At first, it didn’t sink in that Tournament of Roses President Gerald  Freeny had just announced her name as the 101st Rose Queen during the yearly coronation held at the Pasadena Playhouse in late October.

“I thought they announced someone else’s name,” Louise Deser Siskel explained on KTLA Channel 5 the morning after the ceremony.

Given what she’s already accomplished in her young life, it would be understandable if Siskel had things on her mind other than who among candidates for Rose Queen would be chosen to wear the dazzling Mikimota crown of pearls and diamonds in leading the 130th Rose Parade on New Year’s Day.

With plans to study cellular and molecular biology in college, Siskel is already doing breast cancer research under the supervision of Dr. Shehla Pervin of the Charles R. Drew University of Medicine and Science. She is also participating in a project with NASA on the effects of over-the-counter medication on astronauts.

“I was clapping for one of my friends out there and didn’t realize that it was actually me,” the San Marino teen told the TV interviewers. “You can see my shock when I finally did realize that it was me.”

Filling out this year’s Royal Court are six other young women, each with their own ambitions and plans for the future. What they all seem have in common is a desire to mentor others and represent their communities.

“I was so excited when I heard my number, and heard my name, and I heard my school, because I knew as I was walking up those steps that I was going to get to represent my community, my school, and my family — and all the people who truly made me who I am today,” said Princess Micaela Sue McElrath, a senior at the Westridge School.

“I was not all expecting to be called, so when I was — I was just so happy. It’s such an honor to be on the court. I’m really, really super excited,” said Princess Rucha S. Kadam, a senior at La Cañada High School.

Other Royal Court members are Ashley Symone Hackett, a senior at John Muir High School in Pasadena; Sherry Xiaorui Ma, also a senior at San Marino High School; Lauren Michele Baydaline, also a senior at Westridge School; and Helen Susan Rossi, a senior at Flintridge Preparatory School.

The crowning of a Rose Queen is a tradition that dates back to 1905, when Hallie Woods was crowned the first Rose Queen. There were a number of years in which a Rose Queen was not chosen. They were 1912, 1915-1922, 1924, 1927 and 1929.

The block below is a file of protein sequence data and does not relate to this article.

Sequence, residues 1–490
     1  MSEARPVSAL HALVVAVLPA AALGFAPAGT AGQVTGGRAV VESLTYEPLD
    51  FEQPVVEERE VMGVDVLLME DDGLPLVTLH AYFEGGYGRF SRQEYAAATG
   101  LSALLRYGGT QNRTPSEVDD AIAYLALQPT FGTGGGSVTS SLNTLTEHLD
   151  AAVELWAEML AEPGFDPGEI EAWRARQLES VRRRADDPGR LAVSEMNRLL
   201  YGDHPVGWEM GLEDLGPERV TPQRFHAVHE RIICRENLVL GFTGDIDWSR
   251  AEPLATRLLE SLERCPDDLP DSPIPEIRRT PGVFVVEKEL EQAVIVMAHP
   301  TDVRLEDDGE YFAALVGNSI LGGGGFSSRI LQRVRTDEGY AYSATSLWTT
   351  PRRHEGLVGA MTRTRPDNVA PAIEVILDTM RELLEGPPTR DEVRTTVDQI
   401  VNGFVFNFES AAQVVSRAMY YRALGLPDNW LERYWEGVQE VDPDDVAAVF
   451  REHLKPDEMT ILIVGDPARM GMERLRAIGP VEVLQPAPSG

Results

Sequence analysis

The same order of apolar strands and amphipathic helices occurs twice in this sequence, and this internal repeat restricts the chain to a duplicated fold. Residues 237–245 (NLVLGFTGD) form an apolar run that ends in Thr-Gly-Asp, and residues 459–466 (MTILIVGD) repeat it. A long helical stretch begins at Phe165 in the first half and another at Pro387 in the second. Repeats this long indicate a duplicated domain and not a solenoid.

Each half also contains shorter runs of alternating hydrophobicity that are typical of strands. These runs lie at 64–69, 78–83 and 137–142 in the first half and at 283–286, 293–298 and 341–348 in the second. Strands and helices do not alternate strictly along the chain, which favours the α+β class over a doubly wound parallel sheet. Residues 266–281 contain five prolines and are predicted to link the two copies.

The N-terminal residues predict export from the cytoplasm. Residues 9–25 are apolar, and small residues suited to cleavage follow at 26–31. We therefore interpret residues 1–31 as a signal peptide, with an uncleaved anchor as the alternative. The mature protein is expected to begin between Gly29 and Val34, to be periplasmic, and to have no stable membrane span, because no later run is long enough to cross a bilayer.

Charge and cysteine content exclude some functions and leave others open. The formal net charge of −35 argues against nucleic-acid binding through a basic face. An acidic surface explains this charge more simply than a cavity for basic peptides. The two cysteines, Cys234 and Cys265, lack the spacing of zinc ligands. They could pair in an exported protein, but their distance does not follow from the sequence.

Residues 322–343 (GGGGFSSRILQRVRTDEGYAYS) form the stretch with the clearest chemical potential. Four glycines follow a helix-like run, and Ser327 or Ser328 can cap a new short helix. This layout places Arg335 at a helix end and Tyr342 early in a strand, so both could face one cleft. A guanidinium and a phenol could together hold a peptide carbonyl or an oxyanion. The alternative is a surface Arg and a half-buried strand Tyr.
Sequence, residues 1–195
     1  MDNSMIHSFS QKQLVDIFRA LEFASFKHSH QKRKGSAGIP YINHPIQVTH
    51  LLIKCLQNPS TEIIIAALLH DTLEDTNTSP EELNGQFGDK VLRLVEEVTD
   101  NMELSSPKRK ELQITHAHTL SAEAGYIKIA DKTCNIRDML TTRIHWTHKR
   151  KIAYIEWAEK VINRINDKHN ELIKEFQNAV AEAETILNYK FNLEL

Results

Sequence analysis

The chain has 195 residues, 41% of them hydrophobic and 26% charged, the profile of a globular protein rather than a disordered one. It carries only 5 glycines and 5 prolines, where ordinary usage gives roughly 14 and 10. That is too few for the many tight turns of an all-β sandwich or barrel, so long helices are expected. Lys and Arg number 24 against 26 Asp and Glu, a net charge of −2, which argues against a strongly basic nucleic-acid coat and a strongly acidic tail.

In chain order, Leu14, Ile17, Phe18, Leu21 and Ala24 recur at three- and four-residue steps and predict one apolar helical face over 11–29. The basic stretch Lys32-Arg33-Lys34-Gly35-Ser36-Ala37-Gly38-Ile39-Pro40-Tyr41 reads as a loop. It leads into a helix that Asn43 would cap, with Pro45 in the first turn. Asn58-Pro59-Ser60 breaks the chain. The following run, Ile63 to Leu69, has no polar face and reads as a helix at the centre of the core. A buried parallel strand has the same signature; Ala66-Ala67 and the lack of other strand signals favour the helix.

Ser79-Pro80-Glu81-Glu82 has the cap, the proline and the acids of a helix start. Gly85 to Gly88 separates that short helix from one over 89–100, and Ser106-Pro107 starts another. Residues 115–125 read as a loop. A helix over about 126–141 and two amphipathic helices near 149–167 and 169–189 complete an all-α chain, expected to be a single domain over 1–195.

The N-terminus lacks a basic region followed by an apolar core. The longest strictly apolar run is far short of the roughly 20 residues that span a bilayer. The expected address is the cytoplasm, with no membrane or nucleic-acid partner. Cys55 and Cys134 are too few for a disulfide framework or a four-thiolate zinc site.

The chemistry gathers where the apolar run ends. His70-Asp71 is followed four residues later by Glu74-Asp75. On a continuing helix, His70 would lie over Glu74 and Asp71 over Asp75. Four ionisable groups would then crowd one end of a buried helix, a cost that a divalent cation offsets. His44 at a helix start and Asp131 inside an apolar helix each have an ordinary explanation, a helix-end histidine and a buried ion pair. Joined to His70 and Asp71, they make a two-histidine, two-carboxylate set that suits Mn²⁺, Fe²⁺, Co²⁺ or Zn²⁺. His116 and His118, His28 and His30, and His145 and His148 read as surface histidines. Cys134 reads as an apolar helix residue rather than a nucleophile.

In the modern era, a pool of about 1,000 applicants is made up of students from 24 schools in and around the Pasadena area. Young women between 17 and 21 years of age with a minimum 2.0 grade point average are eligible, according to Tournament rules. Tournament guidelines state that Royal Court applicants are chosen based on many factors, including youth leadership, community and school involvement, public speaking ability, academic achievement, and overall poise and presence. The rigorous schedule of every Rose Queen and her Court includes over 100 media and community obligations, so self-assurance and grace are vital components to proper comportment. They learn composure and key principles to effective communication with a variety of people, under a variety of circumstances. These are important skills needed for the challenges of careers and adult life.

“I’m looking forward to all the opportunities to mentor young children in the Pasadena area and to show them that they can pursue their passions, regardless of obstacles,” Siskel said.

This year’s Tournament theme is “The Melody of Life” and Siskel feels that’s a phrase and a feeling that aptly reflect her personal views.

“Music makes the world a more forgiving and more joyful place. Music is such a universal thread. It’s something that really touches everybody’s life and has such an impact on people,” she said.

“It’s amazing to take part in the tradition of highly accomplished, really incredibly smart and poised young women that have come before me. I feel honored to be chosen as the 101st Rose Queen.”